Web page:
Warlord of Mars

By Edgar Rice Burroughs

Page 45

detailed and
satisfactory account of himself, nor did I delude myself with the
belief that I could for a moment impose upon the acumen of the
officers of the guard to whom I should be taken the moment I applied
at any one of the gates.

My only hope seemed to lie in entering the city surreptitiously
under cover of the darkness, and once in, trust to my own wits to
hide myself in some crowded quarter where detection would be less
liable to occur.

With this idea in view I circled the great wall, keeping within the
fringe of the forest, which is cut away for a short distance from
the wall all about the city, that no enemy may utilize the trees
as a means of ingress.

Several times I attempted to scale the barrier at different points,
but not even my earthly muscles could overcome that cleverly
constructed rampart. To a height of thirty feet the face of the
wall slanted outward, and then for almost an equal distance it was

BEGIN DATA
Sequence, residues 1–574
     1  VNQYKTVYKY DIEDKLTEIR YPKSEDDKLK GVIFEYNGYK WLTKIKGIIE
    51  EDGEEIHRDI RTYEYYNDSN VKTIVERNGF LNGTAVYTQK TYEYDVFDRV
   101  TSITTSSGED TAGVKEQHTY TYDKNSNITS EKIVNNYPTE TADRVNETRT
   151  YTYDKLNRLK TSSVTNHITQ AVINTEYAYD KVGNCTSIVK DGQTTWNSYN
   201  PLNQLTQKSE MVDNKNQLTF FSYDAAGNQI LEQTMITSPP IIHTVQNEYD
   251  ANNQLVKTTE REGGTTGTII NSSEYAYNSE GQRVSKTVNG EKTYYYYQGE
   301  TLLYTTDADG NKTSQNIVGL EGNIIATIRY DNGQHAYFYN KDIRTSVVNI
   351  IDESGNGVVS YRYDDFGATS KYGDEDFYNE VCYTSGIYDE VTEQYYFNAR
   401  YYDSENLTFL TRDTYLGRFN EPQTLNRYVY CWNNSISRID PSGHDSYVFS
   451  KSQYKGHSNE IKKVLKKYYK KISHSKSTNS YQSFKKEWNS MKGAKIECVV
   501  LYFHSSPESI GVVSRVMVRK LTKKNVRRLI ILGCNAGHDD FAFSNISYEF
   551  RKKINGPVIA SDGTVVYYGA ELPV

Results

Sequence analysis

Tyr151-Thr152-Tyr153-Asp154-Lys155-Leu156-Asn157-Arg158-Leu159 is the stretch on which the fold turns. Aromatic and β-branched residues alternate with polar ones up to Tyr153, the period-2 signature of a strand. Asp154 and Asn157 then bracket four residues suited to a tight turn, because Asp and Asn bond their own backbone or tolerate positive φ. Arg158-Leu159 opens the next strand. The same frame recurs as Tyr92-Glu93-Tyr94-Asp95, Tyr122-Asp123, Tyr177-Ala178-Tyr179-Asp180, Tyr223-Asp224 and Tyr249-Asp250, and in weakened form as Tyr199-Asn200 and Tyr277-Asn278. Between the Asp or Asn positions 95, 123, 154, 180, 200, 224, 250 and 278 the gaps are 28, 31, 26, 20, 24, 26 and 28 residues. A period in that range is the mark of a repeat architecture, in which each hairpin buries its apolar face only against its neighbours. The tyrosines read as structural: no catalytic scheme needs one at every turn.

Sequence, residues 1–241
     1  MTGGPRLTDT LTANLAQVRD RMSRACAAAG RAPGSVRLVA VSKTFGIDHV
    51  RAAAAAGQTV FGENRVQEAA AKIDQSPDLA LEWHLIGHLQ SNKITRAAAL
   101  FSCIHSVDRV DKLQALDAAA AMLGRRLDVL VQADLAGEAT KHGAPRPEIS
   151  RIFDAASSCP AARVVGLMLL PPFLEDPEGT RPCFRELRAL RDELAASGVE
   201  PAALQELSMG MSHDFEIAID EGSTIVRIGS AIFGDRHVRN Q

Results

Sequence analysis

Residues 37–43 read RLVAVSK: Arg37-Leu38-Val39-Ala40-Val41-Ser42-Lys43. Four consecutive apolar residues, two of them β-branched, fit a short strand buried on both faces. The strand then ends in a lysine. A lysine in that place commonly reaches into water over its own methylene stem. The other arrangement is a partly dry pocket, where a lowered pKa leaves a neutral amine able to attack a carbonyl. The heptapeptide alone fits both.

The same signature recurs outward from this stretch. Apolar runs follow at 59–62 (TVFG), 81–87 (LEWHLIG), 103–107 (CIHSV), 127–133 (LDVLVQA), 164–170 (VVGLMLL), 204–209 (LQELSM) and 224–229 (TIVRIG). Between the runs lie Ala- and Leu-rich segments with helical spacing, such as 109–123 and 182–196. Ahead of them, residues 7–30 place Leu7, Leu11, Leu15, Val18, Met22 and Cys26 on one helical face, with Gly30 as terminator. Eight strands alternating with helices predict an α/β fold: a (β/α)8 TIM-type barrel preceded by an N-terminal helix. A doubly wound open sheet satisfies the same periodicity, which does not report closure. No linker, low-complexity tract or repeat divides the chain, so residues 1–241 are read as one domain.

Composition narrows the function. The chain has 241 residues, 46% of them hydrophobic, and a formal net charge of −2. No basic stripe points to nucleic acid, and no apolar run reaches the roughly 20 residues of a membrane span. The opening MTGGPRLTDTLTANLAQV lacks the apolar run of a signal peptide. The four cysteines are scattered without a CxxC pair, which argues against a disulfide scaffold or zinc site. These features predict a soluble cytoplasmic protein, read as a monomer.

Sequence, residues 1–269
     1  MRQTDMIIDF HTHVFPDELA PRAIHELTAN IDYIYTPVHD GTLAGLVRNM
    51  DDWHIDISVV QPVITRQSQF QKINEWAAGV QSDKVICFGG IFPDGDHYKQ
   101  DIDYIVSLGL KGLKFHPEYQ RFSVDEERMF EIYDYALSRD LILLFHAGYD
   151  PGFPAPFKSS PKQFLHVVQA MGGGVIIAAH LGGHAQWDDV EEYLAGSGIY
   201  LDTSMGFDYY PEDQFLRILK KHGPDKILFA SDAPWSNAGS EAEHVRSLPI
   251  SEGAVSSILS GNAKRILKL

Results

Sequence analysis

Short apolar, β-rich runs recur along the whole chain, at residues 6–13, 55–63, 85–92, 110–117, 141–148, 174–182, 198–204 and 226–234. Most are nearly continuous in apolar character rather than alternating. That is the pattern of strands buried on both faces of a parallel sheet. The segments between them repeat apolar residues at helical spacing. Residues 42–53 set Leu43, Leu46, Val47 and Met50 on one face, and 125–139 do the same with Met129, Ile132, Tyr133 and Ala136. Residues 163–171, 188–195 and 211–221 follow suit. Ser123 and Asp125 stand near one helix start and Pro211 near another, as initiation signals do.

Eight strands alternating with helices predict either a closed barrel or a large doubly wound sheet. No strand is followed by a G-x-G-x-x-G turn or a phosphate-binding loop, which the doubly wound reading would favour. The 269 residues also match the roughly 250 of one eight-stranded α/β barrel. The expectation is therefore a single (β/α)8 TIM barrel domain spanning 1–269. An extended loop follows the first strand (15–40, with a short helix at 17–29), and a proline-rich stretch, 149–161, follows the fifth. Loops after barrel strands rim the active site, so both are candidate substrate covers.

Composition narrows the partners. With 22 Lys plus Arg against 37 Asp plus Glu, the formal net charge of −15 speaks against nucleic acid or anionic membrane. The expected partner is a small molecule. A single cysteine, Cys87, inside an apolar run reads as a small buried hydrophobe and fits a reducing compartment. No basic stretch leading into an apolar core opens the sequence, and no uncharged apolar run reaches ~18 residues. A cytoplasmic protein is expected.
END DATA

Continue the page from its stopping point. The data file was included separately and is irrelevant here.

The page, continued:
perpendicular, above which it slanted in again for some fifteen
feet to the crest.

And smooth! Polished glass could not be more so. Finally I had
to admit that at last I had discovered a Barsoomian fortification
which I could not negotiate.

Discouraged, I withdrew into the forest beside a broad highway which
entered the city from the east, and with Woola beside me lay down
to sleep.


It was daylight when I was awakened by the sound of stealthy movement
near by.

As I opened my eyes Woola, too, moved and, coming up to his haunches,
stared through the intervening brush toward the road, each hair
upon his neck stiffly erect.

At first I could see nothing, but presently I caught a glimpse of
a bit of smooth and glossy green moving among the scarlet and purple
and yellow of the vegetation.

Motioning Woola to remain quietly where he was, I crept forward to
investigate, and from behind the bole of a great tree I saw a long
line of the hideous green warriors of the dead sea bottoms hiding
in the dense jungle beside the road.

As far as I could see, the silent line of destruction and death
stretched away from the city of Kaol. There could be but one
explanation. The green men were expecting an exodus of a body of
red troops from the nearest city gate, and they were lying there
in ambush to leap upon them.

I owed no fealty to the Jeddak of Kaol, but he was of the same race
of noble

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